From: Depresion on

"Elder" <carl.robson(a)> wrote in message
> In article <MzGF+wc4CowKFwQt(a)g52lk5g23lkgk3lk345g.invalid>,
> mikebarnes(a) says...
>> But it makes no sense to compare the acceleration of petrol and diesel
>> cars in the same gear. All other things being equal, you can make
>> whichever one you like look better by a suitable choice of gear.
> Agreed, a Saab 900 Turbo was faster from 50-90 than a Ferrari Testarossa
> in top gear roll on.
> But then would a Ferrari be happy in top gear at 50?

I'd hope that most mid range rep stuff would be happy to do 50-90 in top gear
regardless of there choice of fuel (I'm discounting the stupid stuff like the

From: Peter Hill on
On Thu, 1 Oct 2009 23:35:16 +0100, "Depresion" <> wrote:

>"Nick Finnigan" <nix(a)> wrote in message
>> The Debacler wrote:
>>> Trying to top the poll of the most boring or stupid question..
>>> How powerful does a car need to be to �push you back in your seat� I
>>> seem to remember the acceleration from a friends Vauxhall cavalier 2.0
>>> 16v was when I first noticed it(which was about 130bhp). I guess
>>> higher torque causes the sensation more than higher revving lower
>>> torque cars? Or is it more about delivery Turbo instead of NA?
>> A sudden increase in acceleration will thump you in the back.
>Yes it's the Jerk that's most noticeable as the pushed back feeling not the
>(if a is dv/dt then jerk is da/dt, next is jolt) People who design roller
>coasters look to use jerk and jolt to create the "thrill" factor as they want
>to keep peak acceleration under control (and normally relatively low).
Well for years they got it wrong. It's what was right about the
Corkscrew at Alton Towers and wrong about all the new rides. The
Corkscrew was bent by eye to a chalk mark on the floor and welded up
in place to where it came, every joint was a rattler. New rides like
Rita Queen of Speed are bent up on CNC presses that can allow for
spring back and put up using laser levels. It goes quicker but is so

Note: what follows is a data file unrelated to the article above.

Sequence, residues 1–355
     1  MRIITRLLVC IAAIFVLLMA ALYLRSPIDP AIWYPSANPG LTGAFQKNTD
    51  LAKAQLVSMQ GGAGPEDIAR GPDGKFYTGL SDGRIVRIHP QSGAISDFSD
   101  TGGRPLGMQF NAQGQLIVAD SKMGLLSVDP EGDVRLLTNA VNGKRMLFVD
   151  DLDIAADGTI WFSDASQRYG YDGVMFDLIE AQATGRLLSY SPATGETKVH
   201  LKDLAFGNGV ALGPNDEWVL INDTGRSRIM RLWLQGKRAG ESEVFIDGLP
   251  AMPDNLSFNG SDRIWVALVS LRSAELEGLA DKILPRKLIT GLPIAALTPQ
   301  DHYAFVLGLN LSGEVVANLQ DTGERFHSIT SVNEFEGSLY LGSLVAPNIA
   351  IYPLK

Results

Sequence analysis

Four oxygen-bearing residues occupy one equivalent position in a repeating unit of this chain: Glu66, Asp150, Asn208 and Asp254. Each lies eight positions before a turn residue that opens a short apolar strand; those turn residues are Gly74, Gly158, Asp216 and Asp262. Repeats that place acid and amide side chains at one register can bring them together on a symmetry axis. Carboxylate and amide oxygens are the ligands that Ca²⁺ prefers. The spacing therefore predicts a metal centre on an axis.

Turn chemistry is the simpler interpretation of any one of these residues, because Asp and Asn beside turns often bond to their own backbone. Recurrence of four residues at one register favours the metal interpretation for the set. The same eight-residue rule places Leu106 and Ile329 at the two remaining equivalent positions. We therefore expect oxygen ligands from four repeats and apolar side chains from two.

smooth it's a yawn.
Peter Hill
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From: Adrian on
Silk <me(a)> gurgled happily, sounding much like they were

>>> They try to convince us they have a "classic" by choice because they
>>> don't want to admit they can't afford a decent car. No one is fooled.

>> Yeh, I'll bet that bloke in the Austin-Healey 3000 the other day
>> _really_ wished he was driving a diesel Octavia instead.
>> Or the XK150 drophead. Or the DB2/4 convertible. Oh, wait, both of
>> those last two were parked outside £1m++ houses. The Aston was sharing
>> drivespace with a Toerag & a Boxy.

> Although it's not something that interests me, I can see that the above
> you describe are what most people would regard as proper classics. A
> 1970s heap of shite that most people would regard as an old banger
> isn't.

Meanwhile, back in the '70s, those were cars which were regarded as "old

>> Perhaps you forgot that Conor also has a recent diesel Mondeo? Perhaps
>> you should just admit that you're, ultimately, a deeply grey and boring
>> person?

> When boring means, reliable, economical, well equiped and, in the case
> in point, more powerful and faster, I'll take boring.

I really don't want to know whether you consider yourself "well-equipped"
or not.
From: Colin on
<boltar2003(a)> wrote in message news:ha21bf$9s8$1(a)
> Oh really? Those 70s dagenham dustbin engines barely made it to 50K even
> if
> treated with kid gloves. Even with uprated cylinders, cranks and head I
> don't
> see them going far when their power has been doubled or more.

How do you get uprated cylinders on a Pinto?

From: Elder on
In article <ha34po$n0e$1(a)>, me(a) says...
> Although it's not something that interests me, I can see that the above
> you describe are what most people would regard as proper classics. A
> 1970s heap of shite that most people would regard as an old banger isn't.
In the eighties, my mother bought an S-Type Jaguar, wondering why it was
so much cheaper than a Mk1/2 Jaguar, but needing the longer wheelbase
for wedding dresses in the back.

She then found out that, during the 70's they weren't as popular and
were little more than scrap yard fodder, or hot rod donor until mid 80's
even when in near mint condition. A 1960's S type Jaguar was considered
a banger in the late 70's/early 80's so why shouldn't 30 year old design
like the Capri be a classic now like the S-Type is.

It is a phase. Used to be modern/banger/(Scrap/Classic). Now things go
modern/banger/(scrappage/retro)/classic. The whole retro movement spans
cars that were either never desirable when new, so rare and quirky, to
the scruffy end of the older luxury market that eventually, as they are
kept alive, will end up restored as genuine classics.
Carl Robson
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